The most exciting thing in Orkney, perhaps in Scotland, is going to happen this afternoon at sunset, in few other places even in Orkney can you see the wide hemisphere of sky in all its plenitude.

The winter sun just hangs over the ridge of the Coolags. Its setting will seal the shortest day of the year, the winter solstice. At this season the sun is a pale wick between two gulfs of darkness. Surely there could be no darker place in the be-wintered world than the interior of Maeshowe.

One of the light rays is caught in this stone web of death. Through the long corridor it has found its way; it splashes the far wall of the chamber. The illumination lasts a few minutes, then is quenched

Winter after winter I never cease to wonder at the way primitive man arranged, in hewn stone, such powerful symbolism.

Winter Solstice

December 21, 2010 2 comments

The northern hemisphere winter solstice occurs today, 21 December 2010 at 2338 GMT.

But surely the winter solstice is just the shortest day. How can it “occur” at a specific instant?

That’s because we astronomers define the solstice as the instant when the Sun gets to its furthest south below the celestial equator. Or to put it another way, the instant when the north pole of the Earth is tipped directly away from the Sun.

And this happens at exactly 2338 GMT on 21 December 2010.

It’s important to remember though that while we are in the midst of a deep, cold winter, the southern hemisphere are celebrating their summer solstice, and their longest day.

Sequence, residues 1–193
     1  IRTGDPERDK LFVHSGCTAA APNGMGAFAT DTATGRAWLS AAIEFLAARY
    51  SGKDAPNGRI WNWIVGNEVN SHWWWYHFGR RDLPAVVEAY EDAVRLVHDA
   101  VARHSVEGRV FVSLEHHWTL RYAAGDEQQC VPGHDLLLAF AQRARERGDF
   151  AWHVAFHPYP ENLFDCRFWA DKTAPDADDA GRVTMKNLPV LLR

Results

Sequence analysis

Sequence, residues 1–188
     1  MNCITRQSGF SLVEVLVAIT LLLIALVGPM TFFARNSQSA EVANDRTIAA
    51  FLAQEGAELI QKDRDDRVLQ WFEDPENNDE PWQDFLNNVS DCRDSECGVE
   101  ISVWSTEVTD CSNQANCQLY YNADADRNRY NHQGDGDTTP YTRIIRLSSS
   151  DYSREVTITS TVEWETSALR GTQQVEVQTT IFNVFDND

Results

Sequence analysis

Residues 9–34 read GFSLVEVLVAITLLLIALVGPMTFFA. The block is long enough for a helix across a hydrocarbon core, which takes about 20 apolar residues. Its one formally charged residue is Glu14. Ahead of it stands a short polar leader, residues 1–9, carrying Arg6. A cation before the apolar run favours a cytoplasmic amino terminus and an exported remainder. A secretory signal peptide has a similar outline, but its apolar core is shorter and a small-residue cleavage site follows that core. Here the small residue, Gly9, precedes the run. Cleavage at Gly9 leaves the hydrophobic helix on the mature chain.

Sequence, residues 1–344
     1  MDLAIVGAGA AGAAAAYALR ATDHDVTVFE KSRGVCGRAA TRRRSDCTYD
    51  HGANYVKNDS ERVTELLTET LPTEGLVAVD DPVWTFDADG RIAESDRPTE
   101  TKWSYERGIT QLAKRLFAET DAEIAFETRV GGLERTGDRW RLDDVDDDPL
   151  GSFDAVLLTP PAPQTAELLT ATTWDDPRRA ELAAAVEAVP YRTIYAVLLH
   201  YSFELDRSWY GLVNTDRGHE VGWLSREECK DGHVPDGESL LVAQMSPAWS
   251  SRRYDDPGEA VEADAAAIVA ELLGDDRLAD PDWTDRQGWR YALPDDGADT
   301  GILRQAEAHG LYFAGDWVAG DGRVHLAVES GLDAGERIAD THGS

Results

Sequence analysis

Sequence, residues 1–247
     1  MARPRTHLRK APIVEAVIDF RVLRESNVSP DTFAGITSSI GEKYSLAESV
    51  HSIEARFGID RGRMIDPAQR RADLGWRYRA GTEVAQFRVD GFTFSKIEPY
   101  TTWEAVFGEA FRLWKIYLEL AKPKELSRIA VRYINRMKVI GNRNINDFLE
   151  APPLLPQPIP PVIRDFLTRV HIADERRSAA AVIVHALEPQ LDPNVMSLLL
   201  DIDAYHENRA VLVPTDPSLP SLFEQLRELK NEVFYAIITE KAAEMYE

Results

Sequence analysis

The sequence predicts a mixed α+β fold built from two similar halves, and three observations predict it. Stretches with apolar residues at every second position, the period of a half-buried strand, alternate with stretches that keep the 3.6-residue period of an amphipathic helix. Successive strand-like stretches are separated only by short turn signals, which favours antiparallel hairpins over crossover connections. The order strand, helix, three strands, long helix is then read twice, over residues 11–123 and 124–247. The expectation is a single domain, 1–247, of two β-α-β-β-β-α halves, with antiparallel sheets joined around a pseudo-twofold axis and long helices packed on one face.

Total Lunar Eclipse on the Winter Solstice

December 19, 2010 1 comment

This Tuesday 21 December 2010 is the Winter Solstice, and in addition there will be a total lunar eclipse, occurring at sunrise in the UK.

Total Lunar Eclipse, image by Nick James

Total Lunar Eclipses occur when the Moon passes into the shadow of the Earth. That this does not happen every 29 days (the time it takes for the Moon to orbit the Earth) is due to the fact that the Moon’s plane of orbit is not the same as the Earth’s orbital plane around the Sun, and so the Moon passes above or below the cone of the Earth’s shadow most of the time. Every so often, however, these two planes align to create the conditions for a Lunar Eclipse.

When this happens, the Moon will begin to darken in the sky, eventually turning a dark red colour. Unlike a Solar Eclipse, where the Sun’s light is totally blocked out by the Moon, in a Lunar Eclipse the Moon is still visible.

Tuesday’s Lunar Eclipse will begin at 0528 GMT when the Moon enters the Penumbra, the outer part of the Earth’s shadow. This will begin a slight darkening of the Moon, the darkness extending across the Moon’s surface slowly, taking around an hour. At 0632 GMT the Moon will enter the central, darkest part of the Earth’s shadow, form which point it will darken appreciably until, at 0740 it will be in total eclipse, with the full face of the Moon darkened red. This will last until 0854 GMT, at which point the Moon will slowly begin to darken again.

At this point, however, the Moon will have set for some UK observers, or be very low in the sky, on the western horizon, as it is about to set. The time at which it finally sets depends on where you are. In London it sets at 0812 GMT, while in Glasgow (my home town) it sets at 0857 GMT, just minutes after total eclipse ends.

This means that observers in Scotland will have the best view, and the further north you are the more you’ll see.

This lunar eclipse also has the rare distinction of being one where you can see the eclipsed Moon and the Sun in the sky at the same time, as Sun rises around 11 or 12 minutes before the Moon sets, wherever you are in the UK.